We are Selamatkan Yaki (Indonesian for ‘Save the Sulawesi crested black macaques’), a research, conservation and education programme focused on a charismatic black macaque species, known as the yaki (Macaca nigra).
Sadly, these endemic primates have had massive population declines, with estimates as high as 80% within the last 40 years and are now Critically Endangered according to the IUCN Red List of Threatened Species, and even appear on the Top 25 most endangered primates list. Read more about the yaki and their threats here.
Through the collaboration between national and international stakeholders, we have built a solid foundation for the conservation of this unique species. These include local communities, NGOs, the tourism industry, the media, scientists, politicians and government officials amongst others. Raising awareness and fostering positive attitudes towards wildlife represents the first steps towards positive behavioural change, the central motivation of our programme. This includes sharing information and local knowledge with local communities, government bodies and universities in the form of participatory events, conservation forums, distribution of education materials and creating ambassadors for the yaki – role models for social change. The species is steadily becoming recognised with pride as a valuable flagship, highlighting the diversity of the flora and fauna in North Sulawesi.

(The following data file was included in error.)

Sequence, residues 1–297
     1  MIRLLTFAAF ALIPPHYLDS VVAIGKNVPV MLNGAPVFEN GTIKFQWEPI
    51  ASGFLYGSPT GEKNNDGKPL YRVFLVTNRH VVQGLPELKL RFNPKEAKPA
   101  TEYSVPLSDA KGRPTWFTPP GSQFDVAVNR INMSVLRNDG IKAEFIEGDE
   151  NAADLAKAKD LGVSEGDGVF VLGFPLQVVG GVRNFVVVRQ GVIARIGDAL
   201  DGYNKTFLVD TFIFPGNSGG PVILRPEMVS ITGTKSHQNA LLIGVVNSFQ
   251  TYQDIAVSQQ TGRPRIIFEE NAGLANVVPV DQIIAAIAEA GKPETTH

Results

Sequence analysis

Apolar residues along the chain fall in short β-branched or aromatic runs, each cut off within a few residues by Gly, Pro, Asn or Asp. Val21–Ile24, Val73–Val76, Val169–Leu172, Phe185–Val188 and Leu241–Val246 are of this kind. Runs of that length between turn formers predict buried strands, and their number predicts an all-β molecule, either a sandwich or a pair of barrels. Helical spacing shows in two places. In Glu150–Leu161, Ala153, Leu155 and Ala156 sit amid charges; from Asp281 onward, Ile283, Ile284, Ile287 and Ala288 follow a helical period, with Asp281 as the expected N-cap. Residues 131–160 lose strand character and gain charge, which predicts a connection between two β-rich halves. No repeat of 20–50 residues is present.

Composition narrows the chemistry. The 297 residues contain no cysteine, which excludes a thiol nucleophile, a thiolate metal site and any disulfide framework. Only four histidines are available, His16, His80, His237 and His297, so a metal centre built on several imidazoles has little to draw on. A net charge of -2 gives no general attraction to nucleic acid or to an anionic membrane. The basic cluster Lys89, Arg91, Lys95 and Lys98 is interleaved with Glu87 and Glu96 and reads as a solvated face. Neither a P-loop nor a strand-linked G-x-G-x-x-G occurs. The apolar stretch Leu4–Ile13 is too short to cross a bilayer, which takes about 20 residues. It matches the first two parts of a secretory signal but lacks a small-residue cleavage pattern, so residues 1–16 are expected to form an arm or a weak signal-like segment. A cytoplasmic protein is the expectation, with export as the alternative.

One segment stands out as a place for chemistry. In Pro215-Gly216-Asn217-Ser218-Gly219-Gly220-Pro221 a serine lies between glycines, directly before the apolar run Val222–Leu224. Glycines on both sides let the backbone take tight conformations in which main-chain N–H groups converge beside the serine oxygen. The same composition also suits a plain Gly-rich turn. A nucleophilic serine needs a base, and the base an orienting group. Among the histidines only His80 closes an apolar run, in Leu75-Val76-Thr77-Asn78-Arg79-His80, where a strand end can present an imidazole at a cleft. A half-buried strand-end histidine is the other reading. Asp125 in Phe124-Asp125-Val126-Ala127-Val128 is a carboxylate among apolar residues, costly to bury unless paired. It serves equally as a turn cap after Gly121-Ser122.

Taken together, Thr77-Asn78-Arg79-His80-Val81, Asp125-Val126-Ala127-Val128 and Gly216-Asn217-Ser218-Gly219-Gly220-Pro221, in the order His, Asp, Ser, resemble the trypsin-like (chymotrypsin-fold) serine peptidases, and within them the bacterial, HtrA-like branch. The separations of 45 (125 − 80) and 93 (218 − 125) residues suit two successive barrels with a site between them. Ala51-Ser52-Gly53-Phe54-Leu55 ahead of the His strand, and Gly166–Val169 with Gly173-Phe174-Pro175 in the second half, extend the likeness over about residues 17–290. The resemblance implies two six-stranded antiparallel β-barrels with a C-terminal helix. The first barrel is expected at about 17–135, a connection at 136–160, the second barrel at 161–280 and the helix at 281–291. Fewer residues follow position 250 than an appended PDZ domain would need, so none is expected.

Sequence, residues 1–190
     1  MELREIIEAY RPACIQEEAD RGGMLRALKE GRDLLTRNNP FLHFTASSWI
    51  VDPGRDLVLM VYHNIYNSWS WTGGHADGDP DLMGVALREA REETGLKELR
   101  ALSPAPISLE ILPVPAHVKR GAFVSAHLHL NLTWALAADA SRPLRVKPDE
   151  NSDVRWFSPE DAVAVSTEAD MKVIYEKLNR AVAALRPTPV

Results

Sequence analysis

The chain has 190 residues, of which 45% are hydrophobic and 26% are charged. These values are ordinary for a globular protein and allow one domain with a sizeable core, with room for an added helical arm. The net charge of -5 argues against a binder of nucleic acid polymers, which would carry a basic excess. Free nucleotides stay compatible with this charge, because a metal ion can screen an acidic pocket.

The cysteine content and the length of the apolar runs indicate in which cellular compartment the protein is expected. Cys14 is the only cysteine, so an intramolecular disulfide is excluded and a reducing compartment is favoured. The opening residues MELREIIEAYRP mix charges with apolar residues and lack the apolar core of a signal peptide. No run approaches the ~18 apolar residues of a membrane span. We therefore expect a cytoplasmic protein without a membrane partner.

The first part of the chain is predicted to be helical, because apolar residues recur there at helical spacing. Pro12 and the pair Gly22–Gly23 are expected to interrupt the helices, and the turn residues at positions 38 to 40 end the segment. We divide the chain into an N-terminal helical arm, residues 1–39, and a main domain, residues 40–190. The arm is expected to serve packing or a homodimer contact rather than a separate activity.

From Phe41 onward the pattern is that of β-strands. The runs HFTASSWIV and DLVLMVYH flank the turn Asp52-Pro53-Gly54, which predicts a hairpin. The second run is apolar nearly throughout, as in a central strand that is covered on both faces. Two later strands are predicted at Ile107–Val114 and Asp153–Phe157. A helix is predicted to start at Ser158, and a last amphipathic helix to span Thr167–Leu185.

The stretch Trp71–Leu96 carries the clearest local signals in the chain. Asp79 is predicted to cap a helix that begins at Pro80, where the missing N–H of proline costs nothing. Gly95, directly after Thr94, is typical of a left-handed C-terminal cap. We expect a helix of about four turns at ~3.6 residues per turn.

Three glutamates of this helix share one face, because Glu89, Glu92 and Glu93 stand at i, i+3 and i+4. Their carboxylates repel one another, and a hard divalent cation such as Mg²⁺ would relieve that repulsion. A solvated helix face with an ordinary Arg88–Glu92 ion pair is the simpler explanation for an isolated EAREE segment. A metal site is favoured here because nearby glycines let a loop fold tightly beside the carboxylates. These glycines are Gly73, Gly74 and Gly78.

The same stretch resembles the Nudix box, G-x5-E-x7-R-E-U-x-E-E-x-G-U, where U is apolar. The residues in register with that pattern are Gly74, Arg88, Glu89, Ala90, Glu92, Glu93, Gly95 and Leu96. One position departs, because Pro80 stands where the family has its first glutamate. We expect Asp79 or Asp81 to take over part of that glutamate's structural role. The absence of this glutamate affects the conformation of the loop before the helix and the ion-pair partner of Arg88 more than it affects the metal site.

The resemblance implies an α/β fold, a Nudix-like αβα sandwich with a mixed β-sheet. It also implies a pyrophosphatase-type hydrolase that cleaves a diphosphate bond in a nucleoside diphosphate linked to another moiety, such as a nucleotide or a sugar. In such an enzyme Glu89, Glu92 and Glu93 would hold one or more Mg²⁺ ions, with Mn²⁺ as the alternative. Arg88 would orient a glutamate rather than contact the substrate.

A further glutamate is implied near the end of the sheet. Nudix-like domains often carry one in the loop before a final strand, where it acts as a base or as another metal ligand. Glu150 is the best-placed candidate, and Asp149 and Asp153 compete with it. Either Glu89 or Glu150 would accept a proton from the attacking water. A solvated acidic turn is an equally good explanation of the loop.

Established in 2007 by the Whitley Wildlife Conservation Trust in the United Kingdom and the Pacific Institute in Indonesia, Selamatkan Yaki is focused on preserving a self-sustaining population of yaki across its range, thus conserving sympatric biodiversity. Working closely with partners both in the field and abroad has led to the identification of the threats which the current population of M. nigra is facing. The results of this collaborative effort have been essential to the production of a Species Action Plan, an evidence-based strategy for the conservation of the species and which all of our long-term strategies are based upon. Our holistic programme comprises research, education, protected area management and sustainable development including sustainable livelihood approaches.
Macaca nigra flourish as self-sustaining populations in their native and non-native habitat within healthy, balanced and well-protected ecosystems and are recognised as a symbol of local and national pride.
To ensure self-sustaining populations of Macaca nigra are in their native habitat through reduction of threats, protection of habitat and connectivity between populations. To facilitate behaviour change in people throughout Indonesia, particularly in Sulawesi, by being made aware of the ecological and cultural importance of M. nigra and creating the conditions for social change.